Former Rep. Gary Condit must answer questions about his sexual history in his slander case against a magazine writer who suggested Condit knew more than he let on about the death of intern Chandra Levy, a judge ruled Wednesday.
The ruling does not mean the information elicited by lawyers for Dominick Dunne, a special correspondent to Vanity Fair, will be made public. Judge Peter K. Leisure said he may order that the testimony be kept confidential.
But Condit cannot “use the court system as both a sword and a shield” by filing the $11 million lawsuit in December 2002, and then refusing to answer questions that may help Dunne’s defense, the judge wrote.
Condit refused to answer questions about his sexual relationships and his finances in a Sept. 27 deposition, the judge said.
Condit’s lawsuit claims statements by Dunne led millions of people to believe Condit was criminally involved in the disappearance and death of Levy.
After the 24-year-old U.S. Bureau of Prisons employee disappeared in 2001, Condit reportedly told police he had an affair with Levy but knew nothing of her disappearance.
Not considered a suspect
He is not considered a suspect in her unsolved death, which was ruled a homicide after her remains were discovered in a Washington, D.C., park in May 2002.
The case drew months of negative publicity and was cited as the main cause of the former California congressman’s re-election defeat in the March 2002 primary.
The lawsuit was filed after Dunne made comments on “The Laura Ingraham Show,” “ET Online” and “Larry King Live” about Levy’s disappearance.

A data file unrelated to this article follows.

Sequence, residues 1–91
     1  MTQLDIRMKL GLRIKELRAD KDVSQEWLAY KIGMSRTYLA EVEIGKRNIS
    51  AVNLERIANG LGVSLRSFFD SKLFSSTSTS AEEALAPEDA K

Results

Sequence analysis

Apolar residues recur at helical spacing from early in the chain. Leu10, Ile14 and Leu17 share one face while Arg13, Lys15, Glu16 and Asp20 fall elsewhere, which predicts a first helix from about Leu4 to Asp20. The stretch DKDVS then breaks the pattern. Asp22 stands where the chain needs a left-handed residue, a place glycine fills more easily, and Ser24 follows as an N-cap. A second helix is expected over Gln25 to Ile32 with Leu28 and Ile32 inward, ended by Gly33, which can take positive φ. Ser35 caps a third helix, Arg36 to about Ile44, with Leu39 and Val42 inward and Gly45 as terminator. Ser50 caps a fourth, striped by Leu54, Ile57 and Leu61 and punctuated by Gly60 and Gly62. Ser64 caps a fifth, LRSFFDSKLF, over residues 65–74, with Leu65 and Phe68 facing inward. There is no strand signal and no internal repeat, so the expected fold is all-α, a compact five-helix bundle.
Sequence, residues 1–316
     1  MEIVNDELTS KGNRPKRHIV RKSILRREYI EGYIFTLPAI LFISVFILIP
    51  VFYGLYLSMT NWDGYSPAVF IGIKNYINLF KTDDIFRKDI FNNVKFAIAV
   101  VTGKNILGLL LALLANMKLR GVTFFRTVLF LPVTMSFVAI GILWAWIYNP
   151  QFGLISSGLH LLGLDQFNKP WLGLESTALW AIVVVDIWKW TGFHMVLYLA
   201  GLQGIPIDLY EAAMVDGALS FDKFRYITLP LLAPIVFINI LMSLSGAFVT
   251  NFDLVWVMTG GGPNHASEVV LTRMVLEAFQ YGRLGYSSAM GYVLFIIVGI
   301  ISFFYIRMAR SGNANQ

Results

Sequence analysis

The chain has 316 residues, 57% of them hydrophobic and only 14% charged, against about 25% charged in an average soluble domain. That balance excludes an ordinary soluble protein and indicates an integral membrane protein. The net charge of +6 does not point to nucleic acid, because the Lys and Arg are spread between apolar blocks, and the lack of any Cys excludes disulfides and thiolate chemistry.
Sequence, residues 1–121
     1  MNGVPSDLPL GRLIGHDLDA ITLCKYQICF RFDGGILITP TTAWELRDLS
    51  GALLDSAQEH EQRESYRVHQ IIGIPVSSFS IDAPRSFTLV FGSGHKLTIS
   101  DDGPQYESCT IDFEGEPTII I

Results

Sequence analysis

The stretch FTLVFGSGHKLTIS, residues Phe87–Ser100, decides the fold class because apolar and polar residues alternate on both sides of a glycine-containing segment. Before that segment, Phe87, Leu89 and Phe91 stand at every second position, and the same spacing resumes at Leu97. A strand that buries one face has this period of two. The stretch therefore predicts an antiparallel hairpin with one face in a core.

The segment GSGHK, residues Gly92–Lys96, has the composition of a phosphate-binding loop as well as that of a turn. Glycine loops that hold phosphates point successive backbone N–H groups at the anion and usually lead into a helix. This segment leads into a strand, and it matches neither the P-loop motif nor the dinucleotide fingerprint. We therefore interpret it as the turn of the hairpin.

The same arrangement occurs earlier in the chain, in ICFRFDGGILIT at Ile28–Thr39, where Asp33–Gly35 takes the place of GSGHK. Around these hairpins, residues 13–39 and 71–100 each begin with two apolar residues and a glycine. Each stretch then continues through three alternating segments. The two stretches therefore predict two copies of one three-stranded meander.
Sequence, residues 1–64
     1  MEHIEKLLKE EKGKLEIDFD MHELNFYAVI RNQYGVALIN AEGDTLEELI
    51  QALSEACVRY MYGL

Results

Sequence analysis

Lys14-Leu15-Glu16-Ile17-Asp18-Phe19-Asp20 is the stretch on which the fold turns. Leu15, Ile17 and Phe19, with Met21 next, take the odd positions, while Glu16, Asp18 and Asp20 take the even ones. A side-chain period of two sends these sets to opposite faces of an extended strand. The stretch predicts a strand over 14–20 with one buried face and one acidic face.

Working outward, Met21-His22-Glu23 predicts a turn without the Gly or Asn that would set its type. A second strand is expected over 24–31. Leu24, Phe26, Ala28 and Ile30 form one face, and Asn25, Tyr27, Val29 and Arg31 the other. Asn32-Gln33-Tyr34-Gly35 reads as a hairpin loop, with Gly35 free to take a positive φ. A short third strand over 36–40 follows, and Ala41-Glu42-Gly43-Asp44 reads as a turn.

On “ET Online” in January 2002, for example, Dunne was quoted as suggesting Levy was taken away by someone on a motorcycle as a favor to Condit, the judge said. And on “Larry King Live” in February 2002, Dunne stated, “I believe firmly that he knows more than what he has ever said,” according to the judge.
In his lawsuit, Condit said he had no involvement in the disappearance and death of Levy and no knowledge of how she was abducted and killed or who was responsible.
Lawyers for Dunne have argued in court papers that Condit’s relationship with other women shows a pattern of behavior in which Condit required women to carry no identification when they met him, the judge said.
Levy was not carrying identification when she disappeared, the judge noted.
“Dunne further claims he can use this discovery to impeach Condit, as showing he lied to authorities, the press, and the Levy family regarding all of these relationships,” the judge said.
A message left with L. Lin Wood, a lawyer for Condit, was not immediately returned.